Presnell sees the most area rug activity—price-wise—in the $599-$899 range, with a little less action in the $2,000-$3,000 bracket. “Modern and traditional designs are driving the bulk of sales,” he said.

In terms of formats, Presnell is seeing movement in larger sizes. “We sell mostly larger sizes in 8 x 10 or 11. We have always had large inventories of rugs, probably 3,000 to 4,000 pieces. The key is to have a cash- flow projection plan and live to it. You also need a purging system as well.”

At the Vertical Connection, customers’ design tastes are “all over the map—contemporary, traditional, etc.,” Joss explained. But he seems to have found that sweet spot. “Given the fact we focus on the custom/made-to-order rugs, prices tend to be around $1,000.”

 

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Technology: 10 retailer tips for choosing software tools

June 11/18, 2018: Volume 33, Issue 26

By Lindsay Baillie

 

Most flooring dealers use software to help manage and automate their businesses. However, choosing the right program to use can be a challenge, especially when considering just how many software companies and platforms exist. While some dealers find it easier to implement generic systems, others swear by using flooring-specific software. Despite differing opinions, all flooring dealers agree any program should make day-to-day business easier—if not, it might be time for a change.

Following are some software suggestions and considerations from flooring dealers who have achieved positive results in this regard.

Tip #1: Do your research

Jake Pierce, Pierce Flooring & Design, with three locations in Montana

In addition to using RFMS and Podium, Pierce Flooring & Design has an IT team that has created apps off the company’s database to monitor aspects of the business. According to Pierce, flooring dealers should consider their budget and the program’s efficiency. Ultimately, a software program should help get daily tasks completed faster. “All software will be lacking some reporting features when it gets to each individual business and how it runs,” Pierce said. “Also, every system has drawbacks when it comes to what it can and cannot do. Do your research, take your time and ask questions to other businesses that are using the software you are considering.”

Tip #2: Make a list

George McMurtry, America’s Carpet Outlet, State College, Pa.

America’s Carpet Outlet has used RFMS for its business software needs for 22 years. McMurtry recommends flooring dealers consider several points, including: who needs to have access to the program, and whether or not they want to immerse themselves in b2b. If a dealer answers ‘yes’ to the latter, he or she should “reach out to the major suppliers and see what systems are compatible.”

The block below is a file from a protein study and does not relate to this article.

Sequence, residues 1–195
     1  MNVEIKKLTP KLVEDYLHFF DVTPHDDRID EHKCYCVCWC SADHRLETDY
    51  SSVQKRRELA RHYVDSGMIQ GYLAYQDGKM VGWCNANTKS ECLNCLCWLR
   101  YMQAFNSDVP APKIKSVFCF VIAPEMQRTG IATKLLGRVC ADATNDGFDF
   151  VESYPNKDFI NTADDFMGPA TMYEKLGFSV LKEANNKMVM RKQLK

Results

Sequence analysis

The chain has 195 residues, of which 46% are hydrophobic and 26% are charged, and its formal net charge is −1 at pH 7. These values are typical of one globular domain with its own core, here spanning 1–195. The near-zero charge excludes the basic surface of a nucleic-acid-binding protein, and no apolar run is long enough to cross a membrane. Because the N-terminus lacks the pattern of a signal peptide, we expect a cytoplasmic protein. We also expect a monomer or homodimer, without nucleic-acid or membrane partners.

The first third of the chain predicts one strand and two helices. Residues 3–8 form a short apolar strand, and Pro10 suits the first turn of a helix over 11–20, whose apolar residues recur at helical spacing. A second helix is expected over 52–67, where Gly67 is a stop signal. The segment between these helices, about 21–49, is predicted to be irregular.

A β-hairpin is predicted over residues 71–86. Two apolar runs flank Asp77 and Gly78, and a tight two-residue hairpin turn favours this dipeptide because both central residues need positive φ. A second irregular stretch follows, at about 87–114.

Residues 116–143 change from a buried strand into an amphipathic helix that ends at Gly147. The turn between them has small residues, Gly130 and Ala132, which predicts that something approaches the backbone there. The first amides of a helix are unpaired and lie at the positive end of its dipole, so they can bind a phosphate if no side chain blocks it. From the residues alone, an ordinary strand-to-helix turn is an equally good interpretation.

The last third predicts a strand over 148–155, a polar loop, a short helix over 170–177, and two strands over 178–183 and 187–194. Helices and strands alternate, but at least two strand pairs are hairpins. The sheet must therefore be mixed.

In addition, McMurtry suggests writing down everything the dealer wants the program to do. “For example, order entry, payroll, back office, etc. If you have multiple locations, you might even want internal inventory management. Then, look to see which programs can offer you the most.”

Tip #3: Find a program specific to your needs

Kevin Rose, Carpetland USA, Rockford, Ill.

Carpetland USA utilizes Comp-U-Floor software to run its business. “The [company] has always taken care of us and is constantly trying to keep up with changes in the flooring industry to accommodate the retailers and wholesale industry,” Rose said.

Carpetland USA suggests dealers ask themselves whether or not the software they’re considering is specific enough to their needs. “General software that is not flooring specific can create several issues once you get into the details of inventory, cost tracking and detailed information,” Rose noted.

Tip #4: Select tools that expedite tasks

Martin Cohen, Peacock Interiors, San Francisco

Peacock Interiors has used QuickBooks since 1999. (It also uses Measure Square.) The store is unique in that it is a one-man operation that mainly handles commercial and cash-and-carry jobs. According to Cohen, a flooring dealer can get easily married to the first program he or she uses, so it is critical the software saves the dealer time on everyday tasks. “If you’re a hands-on guy, you’re going to be using it every day and the support from the software is critical.”

When Cohen incorporated Measure Square, he was looking to speed up measuring processes. “The first job I did paid for the Measure Square program,” Cohen said. “Being able to import PDFs and easily do takeoffs with the program is amazing.”

Tip #5: Select a user-friendly program